Zika Virus

Zika is a virus transmitted by the bite of an infected Aedes mosquito. It typically causes a mild illness. Zika infection during pregnancy can cause a serious birth defect called microcephaly, as well as other severe fetal brain defects.


Zika is transmitted primarily by the bite of an infected Aedes species mosquito. These are the same mosquitoes that spread Dengue and Chikungunya viruses. These mosquitoes are aggressive daytime biters but can also bite at night. Mosquitoes become infected when they feed on a person already infected with the virus and can then spread the virus to other people through bites.

 From mother to child

  • A pregnant woman can pass Zika to her fetus during pregnancy
  • A pregnant woman already infected with Zika near the time of delivery can pass on the virus to her newborn
  • To date, there are no reports of infants contracting Zika through breastfeeding

Through infected blood or sexual contact 

  • The spread of Zika from blood transfusions have been reported in Brazil and during an outbreak in French Polynesia. These reports are currently being investigated.  
  • Zika can be spread by a man to his sex partners. The virus is present in semen longer than in blood.


Most people infected with Zika will not have symptoms, but for those that do, the symptoms are mild and last several days to a week after being bitten by an infected mosquito.

Common Symptoms

  • Rash
  • Joint pain
  • Conjunctivitis (red eyes)
  • Fever

Less Common Symptoms

  • muscle pain
  • headaches
  • vomiting
See a healthcare provider if you develop symptoms and have visited an area where Zika is found. The healthcare provider may order blood tests for Zika or other similar viruses. Healthcare providers may contact the Health Department at 610-344-6452 to facilitate testing.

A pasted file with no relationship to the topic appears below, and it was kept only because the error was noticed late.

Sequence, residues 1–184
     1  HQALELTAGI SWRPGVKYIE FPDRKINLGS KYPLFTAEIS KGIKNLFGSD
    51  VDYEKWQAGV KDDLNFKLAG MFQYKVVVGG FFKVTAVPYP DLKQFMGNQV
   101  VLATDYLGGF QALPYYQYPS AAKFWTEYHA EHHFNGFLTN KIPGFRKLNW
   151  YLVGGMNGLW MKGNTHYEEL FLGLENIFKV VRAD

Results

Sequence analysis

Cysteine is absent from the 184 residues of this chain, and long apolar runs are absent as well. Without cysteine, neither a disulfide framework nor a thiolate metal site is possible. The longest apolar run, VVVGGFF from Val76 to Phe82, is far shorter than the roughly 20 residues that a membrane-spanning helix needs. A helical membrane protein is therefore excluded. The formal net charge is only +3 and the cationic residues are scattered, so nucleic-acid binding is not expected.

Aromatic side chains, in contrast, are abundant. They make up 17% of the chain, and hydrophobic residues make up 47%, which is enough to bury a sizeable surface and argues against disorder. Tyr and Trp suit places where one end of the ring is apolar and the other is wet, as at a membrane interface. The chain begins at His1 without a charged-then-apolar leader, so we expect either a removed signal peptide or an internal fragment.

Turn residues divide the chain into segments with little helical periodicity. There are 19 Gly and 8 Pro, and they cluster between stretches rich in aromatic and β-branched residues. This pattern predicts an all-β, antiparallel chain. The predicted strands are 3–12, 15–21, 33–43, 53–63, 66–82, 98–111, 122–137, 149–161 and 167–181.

There is no vaccine or medicine to prevent or treat Zika. 

Treat the symptoms

  • Get plenty of rest
  • Drink fluids to prevent dehydration
  • Take fever and pain relievers if needed such as acetaminophen. 
  • Do not take aspirin and other non-steroidal anti-inflammatory drugs until Dengue Fever can be ruled out to reduce the risk of bleeding.


Pregnant women should contact their healthcare provider if they or their male sex partners recently traveled to an area with Zika, even if they don’t feel sick.

Women and their partners who are thinking about pregnancy should talk with their doctor or healthcare provider about
  • plans for having children
  • potential risk of getting Zika during pregnancy
  • partner’s potential exposures to Zika
Use condoms or abstain from sex to prevent sexual transmission of Zika. 

If you are infected with Zika virus, protect yourself from mosquito bites. Mosquitoes spread Zika by biting an infected person and then passing their blood onto someone else through a bite. An infected mosquito can then spread the virus to other people.

Travel Notices

CDC has Zika travel notices posted for many destinations. If you are traveling to an area with Zika, be sure to follow CDC recommendations to stay healthy and safe. All travelers to areas with Zika should prevent mosquito bites. Zika can also be spread by a man to his sex partners, so travelers should use condoms if they have sex. 

Because Zika during pregnancy can cause serious birth defects, pregnant women should not travel to areas with Zika. Couples who are trying to become pregnant should talk to their doctor about their travel plans and see CDC guidance for how long you should wait to get pregnant after travel to an area with Zika. 

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